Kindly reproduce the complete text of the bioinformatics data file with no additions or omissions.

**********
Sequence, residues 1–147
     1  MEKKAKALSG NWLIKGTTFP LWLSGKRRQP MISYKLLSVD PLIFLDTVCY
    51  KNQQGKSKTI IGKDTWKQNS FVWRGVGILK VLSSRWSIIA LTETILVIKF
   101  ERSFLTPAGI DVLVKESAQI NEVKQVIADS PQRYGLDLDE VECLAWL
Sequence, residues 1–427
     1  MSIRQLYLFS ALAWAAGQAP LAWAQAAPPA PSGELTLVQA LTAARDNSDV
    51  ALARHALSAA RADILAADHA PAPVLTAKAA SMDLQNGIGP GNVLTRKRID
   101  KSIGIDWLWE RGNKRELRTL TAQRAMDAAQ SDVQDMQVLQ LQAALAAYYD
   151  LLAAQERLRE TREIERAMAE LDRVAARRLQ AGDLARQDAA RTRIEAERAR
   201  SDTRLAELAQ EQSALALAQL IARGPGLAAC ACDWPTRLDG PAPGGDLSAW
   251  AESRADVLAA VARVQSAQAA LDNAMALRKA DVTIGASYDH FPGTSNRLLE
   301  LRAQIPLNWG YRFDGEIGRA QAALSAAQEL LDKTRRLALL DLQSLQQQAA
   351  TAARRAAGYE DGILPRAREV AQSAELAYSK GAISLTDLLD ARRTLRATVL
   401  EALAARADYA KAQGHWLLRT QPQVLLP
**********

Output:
Sequence, residues 1–147
     1  MEKKAKALSG NWLIKGTTFP LWLSGKRRQP MISYKLLSVD PLIFLDTVCY
    51  KNQQGKSKTI IGKDTWKQNS FVWRGVGILK VLSSRWSIIA LTETILVIKF
   101  ERSFLTPAGI DVLVKESAQI NEVKQVIADS PQRYGLDLDE VECLAWL
Sequence, residues 1–427
     1  MSIRQLYLFS ALAWAAGQAP LAWAQAAPPA PSGELTLVQA LTAARDNSDV
    51  ALARHALSAA RADILAADHA PAPVLTAKAA SMDLQNGIGP GNVLTRKRID
   101  KSIGIDWLWE RGNKRELRTL TAQRAMDAAQ SDVQDMQVLQ LQAALAAYYD
   151  LLAAQERLRE TREIERAMAE LDRVAARRLQ AGDLARQDAA RTRIEAERAR
   201  SDTRLAELAQ EQSALALAQL IARGPGLAAC ACDWPTRLDG PAPGGDLSAW
   251  AESRADVLAA VARVQSAQAA LDNAMALRKA DVTIGASYDH FPGTSNRLLE
   301  LRAQIPLNWG YRFDGEIGRA QAALSAAQEL LDKTRRLALL DLQSLQQQAA
   351  TAARRAAGYE DGILPRAREV AQSAELAYSK GAISLTDLLD ARRTLRATVL
   401  EALAARADYA KAQGHWLLRT QPQVLLP